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Scientists experiment with paper planes to study aerodynamics, flight stability
The properties that make a paper airplane fly have much to tell scientists about aerodynamics and flight stability, according to U.S. National Science Foundation grantee researchers at New York University . They conducted a series of experiments using paper planes to make their conclusions.
The research could influence the development of airborne vehicles like drones. The team's research was published in the Journal of Fluid Mechanics .
"The study started with simple curiosity about what makes a good paper airplane and specifically what is needed for smooth gliding," said Leif Ristroph, an author of the study. "Answering such basic questions ended up being far from child's play. We discovered that the aerodynamics of how paper airplanes keep level flight is very different from the stability of conventional airplanes."
Paper planes rely on gravity and proper design to successfully glide.
"Birds glide and soar in an effortless way, and paper airplanes, when tuned properly, can also glide for long distances," added co-author Jane Wang. "Surprisingly, there has been no good mathematical model for predicting this seemingly simple but subtle gliding flight."
Paper planes appear unassuming in design and composition, "But paper airplanes, while simple to make, involve surprisingly complex aerodynamics," said Ristroph.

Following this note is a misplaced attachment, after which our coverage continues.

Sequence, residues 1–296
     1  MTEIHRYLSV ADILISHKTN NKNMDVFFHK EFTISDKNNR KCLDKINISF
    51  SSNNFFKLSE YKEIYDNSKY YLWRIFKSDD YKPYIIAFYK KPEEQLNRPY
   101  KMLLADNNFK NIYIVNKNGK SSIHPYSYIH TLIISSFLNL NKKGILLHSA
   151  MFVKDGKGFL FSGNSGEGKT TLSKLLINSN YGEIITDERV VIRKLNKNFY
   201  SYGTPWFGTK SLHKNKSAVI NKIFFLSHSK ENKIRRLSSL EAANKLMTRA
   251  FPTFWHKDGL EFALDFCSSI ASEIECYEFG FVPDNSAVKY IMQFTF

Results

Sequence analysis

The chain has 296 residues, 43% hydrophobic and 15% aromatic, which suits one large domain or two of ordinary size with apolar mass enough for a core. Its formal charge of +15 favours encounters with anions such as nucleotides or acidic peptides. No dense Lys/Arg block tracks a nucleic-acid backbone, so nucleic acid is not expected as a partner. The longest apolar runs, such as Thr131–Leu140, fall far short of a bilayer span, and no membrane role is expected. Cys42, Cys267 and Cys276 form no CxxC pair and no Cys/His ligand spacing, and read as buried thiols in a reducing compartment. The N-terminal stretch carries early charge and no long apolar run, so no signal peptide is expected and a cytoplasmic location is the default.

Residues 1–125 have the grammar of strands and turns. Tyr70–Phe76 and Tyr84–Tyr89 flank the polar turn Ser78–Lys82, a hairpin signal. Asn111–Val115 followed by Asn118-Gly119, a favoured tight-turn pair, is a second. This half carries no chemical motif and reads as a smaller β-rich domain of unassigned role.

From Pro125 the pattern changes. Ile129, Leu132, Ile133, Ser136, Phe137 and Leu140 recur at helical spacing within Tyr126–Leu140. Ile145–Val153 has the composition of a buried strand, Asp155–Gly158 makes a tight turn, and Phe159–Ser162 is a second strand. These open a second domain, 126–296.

The researchers launched paper planes with different centers of mass, observed paper planes descending into a water tank, and used the data to develop a new aerodynamic model and flight simulator that successfully replicates flight motions.
"The key criterion of a successful glider is that the center of mass must be in the 'just right' place," Ristroph said. "Good paper airplanes achieve this with the front edge folded over several times or by an added paper clip, which requires a little trial and error. The location of the aerodynamic force or center of pressure varies with the angle of flight to ensure stability."
The effect the team found in paper airplanes doesn't happen in the traditional airfoils used as aircraft wings, whose center of pressure stays fixed in place across the angles that occur in flight, according to Ristroph. "The shifting of the center of pressure seems to be a unique property of thin, flat wings, and this ends up being the secret to the stable flight of paper airplanes."
For New Insights into Aerodynamics, Scientists Turn to Paper Airplanes
A series of experiments using paper airplanes reveals new aerodynamic effects--findings that enhance our understanding of flight stability.
Findings Unveil Mechanisms that Explain Flight Stability
A series of experiments using paper airplanes reveals new aerodynamic effects, a team of scientists has discovered. Its findings enhance our understanding of flight stability and could inspire new types of flying robots and small drones.